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Roland RS-09

Although I love my Yamaha SK20, as a string machine it honestly leaves a little to be desired. Sure, it has some nice strings but it’s more of an all-around 70s synth than a satisfyingly smooth stringer. For that, I needed a Solina. And because I’m just a humble junior high school English teacher I settled for a Roland RS-09.

There are plenty of string machines that will do more than the RS-09 but where this thing excels is the ensemble effect. Four (count them! Four!) bucket brigade circuits work together to create a glorious, heavenly whirlpool of phasing sound. There are two speeds, slow and less slow, and they’re both luxurious. I could hold down a chord and listen to the cycling BBD magic all day. And if that wasn’t enough, the RS-09 has an external in so you can add a touch of heaven to any signal you want.

You may remember that this is not my first dance with a Roland RS synth. While this one didn’t stink like my RS-101 it did have a number of other problems lurking below its deceptively calm surface. At only $100 I wasn’t expecting miracles but after plugging it in and not experiencing any big problems, I was frankly a little shocked at what I found lurking inside.

It was filthy. This seems to be a running issue with the synths that I buy, and it’s surprising considering Japan is uaully such a clean place, but it looked like it had been used as a dust pan at a construction site. The caked on dirt between the keys should have been my first clue. The seller had obviously wiped off the tops of the keys but left the in between filth as is. So first order of business was a bath for the whites and blacks. The white grooves in the knobs and slider caps were pretty dingy so they went in as well.

When I wash plastic parts for synths, I usually fill the sink with warm water and squirt in some mild dish washing soap. I let the items soak for an hour or so and then hand scrub each one with a sponge. Usually the soft side is enough to get the dirt off but sometimes a careful rub with the scouring side is necessary. I then set them out to air dry and finally give them a last wipe with a microfiber cloth. After this treatment they look almost brand new. It’s time consuming but it’s amazing how much this will improve the appearance of even the most neglected of synths.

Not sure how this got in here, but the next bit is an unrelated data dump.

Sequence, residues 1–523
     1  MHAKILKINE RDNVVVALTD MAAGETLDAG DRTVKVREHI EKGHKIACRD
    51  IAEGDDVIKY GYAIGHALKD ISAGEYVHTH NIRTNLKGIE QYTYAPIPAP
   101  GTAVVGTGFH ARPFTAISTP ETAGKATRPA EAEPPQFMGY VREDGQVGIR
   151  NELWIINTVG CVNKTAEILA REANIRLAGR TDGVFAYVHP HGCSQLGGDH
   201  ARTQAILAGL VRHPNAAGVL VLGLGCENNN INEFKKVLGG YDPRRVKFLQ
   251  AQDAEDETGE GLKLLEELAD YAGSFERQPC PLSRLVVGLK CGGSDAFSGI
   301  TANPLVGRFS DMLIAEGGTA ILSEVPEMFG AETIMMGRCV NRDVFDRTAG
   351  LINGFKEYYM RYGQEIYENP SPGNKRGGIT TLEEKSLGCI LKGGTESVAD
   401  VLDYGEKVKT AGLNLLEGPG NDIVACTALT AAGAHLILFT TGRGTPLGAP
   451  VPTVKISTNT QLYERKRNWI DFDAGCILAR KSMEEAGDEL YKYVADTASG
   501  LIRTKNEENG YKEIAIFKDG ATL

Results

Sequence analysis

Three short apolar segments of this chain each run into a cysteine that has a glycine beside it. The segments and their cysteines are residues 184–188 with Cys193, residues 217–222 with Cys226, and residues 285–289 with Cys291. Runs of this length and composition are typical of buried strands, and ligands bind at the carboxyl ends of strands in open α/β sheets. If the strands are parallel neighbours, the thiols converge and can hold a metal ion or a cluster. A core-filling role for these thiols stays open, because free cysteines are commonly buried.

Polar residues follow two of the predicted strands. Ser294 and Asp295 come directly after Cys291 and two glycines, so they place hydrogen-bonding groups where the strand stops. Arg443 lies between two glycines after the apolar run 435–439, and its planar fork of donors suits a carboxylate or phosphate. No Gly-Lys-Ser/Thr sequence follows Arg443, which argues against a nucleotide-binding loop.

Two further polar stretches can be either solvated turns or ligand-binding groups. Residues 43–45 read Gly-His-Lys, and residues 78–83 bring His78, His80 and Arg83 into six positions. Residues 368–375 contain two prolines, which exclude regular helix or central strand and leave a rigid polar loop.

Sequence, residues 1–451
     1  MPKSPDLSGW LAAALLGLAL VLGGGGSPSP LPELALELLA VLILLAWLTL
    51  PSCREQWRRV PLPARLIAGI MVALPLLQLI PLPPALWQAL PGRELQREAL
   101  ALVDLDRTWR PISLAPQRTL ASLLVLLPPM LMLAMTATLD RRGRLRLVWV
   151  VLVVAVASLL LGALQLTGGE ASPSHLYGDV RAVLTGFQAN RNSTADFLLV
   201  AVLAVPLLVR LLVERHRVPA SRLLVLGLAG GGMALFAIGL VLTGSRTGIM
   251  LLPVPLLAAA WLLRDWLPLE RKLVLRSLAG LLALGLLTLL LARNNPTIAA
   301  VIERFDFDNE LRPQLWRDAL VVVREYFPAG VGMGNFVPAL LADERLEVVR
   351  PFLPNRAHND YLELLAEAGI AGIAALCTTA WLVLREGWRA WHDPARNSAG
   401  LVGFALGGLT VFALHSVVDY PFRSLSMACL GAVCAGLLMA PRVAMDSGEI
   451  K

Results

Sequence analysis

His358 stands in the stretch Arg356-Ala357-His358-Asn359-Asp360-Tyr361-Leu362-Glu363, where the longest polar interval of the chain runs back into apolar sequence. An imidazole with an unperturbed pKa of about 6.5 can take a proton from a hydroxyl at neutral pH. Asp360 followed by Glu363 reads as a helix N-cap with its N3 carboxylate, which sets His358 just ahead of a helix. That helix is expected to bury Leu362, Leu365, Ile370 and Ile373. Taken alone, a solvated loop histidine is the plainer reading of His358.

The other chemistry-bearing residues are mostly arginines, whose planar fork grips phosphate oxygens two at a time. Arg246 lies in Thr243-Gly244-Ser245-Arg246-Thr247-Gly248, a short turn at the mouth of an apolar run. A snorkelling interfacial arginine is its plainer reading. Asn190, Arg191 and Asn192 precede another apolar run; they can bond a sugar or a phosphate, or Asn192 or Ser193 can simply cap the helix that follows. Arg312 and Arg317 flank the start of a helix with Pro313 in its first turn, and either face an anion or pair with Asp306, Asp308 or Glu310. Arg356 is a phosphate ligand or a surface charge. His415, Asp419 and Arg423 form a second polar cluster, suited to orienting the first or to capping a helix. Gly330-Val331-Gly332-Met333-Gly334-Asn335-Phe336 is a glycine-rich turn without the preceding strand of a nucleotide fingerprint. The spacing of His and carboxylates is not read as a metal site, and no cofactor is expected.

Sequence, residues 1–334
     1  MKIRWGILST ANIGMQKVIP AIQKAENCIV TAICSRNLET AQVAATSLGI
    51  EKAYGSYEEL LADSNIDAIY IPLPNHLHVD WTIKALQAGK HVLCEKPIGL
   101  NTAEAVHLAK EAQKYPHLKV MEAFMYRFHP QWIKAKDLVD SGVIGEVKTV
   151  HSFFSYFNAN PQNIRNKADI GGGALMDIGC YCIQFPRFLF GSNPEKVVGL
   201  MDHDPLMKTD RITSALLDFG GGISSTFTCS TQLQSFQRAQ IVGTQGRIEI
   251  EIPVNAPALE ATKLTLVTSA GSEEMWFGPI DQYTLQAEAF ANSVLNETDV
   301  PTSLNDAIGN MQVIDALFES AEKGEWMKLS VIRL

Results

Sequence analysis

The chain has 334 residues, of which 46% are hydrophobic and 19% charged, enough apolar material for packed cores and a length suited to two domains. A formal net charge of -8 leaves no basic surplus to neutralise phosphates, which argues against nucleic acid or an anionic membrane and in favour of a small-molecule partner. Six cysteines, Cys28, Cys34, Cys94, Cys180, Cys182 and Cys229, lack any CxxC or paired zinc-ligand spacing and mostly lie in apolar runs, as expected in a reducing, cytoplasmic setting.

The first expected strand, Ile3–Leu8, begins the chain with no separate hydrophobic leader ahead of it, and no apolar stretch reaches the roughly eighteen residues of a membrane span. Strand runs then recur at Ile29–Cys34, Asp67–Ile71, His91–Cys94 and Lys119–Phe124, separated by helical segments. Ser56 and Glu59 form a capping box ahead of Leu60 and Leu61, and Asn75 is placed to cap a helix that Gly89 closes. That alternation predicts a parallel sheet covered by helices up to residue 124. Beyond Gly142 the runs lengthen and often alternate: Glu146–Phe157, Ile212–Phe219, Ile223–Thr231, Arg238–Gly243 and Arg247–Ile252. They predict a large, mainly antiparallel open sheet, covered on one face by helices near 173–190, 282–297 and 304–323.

The dirt didn’t stop with the keys though. All the PCBs were covered with a fine layer of tan dust. I suppose I could have left it as is but since it was open, I decided to clean the boards as well. I like to use a generic contact cleaner. Spray on, wipe down, and get under and around components with a cotton swab.

I’m currently in the middle of a Juno-106 refurbishment and it has some of the same problems as this RS-09: namely dry, raspy faders and faded buttons. I figured the RS-09 would be a good practice unit. Of course, I want it to work properly but I’d rather break it than the Juno.

The RS-09 used the same horrible foam material for the fader dust covers as the Juno-106, meaning by now they’ve hardened to a brittle, papery crust that disintegrates if you even point at it, much less touch it. So the first step was to get this despicable stuff off the sliders. Ironic that the very thing that Roland installed to protect the sliders is what was ruining them, but there you go.

Looking back now, the best way to remove the glued-on covers would have been to use a hobby knife and carefully slice between the slider house and foam cover, deftly removing it in one, unbroken sheet. But this is not what I did. I broke it off piece by piece, each snap sending small pieces of pulverized foam raining down into the fader housing.

I eventually got all the old foam off the fader tops and was greeted with rust spots. Well, this was no good. Apparently these are the same sliders as the Juno 6 and 60 and Jupiter 8, meaning they’re not replaceable. (I could be wrong about this though.) I has no choice but to try to get this rust off myself. I desoldered the sliders from the board, took them apart, and went at them with steel wool, scrubbing off the orange until it was a dull gray. Not pretty but better than it was. This is basically my mantra.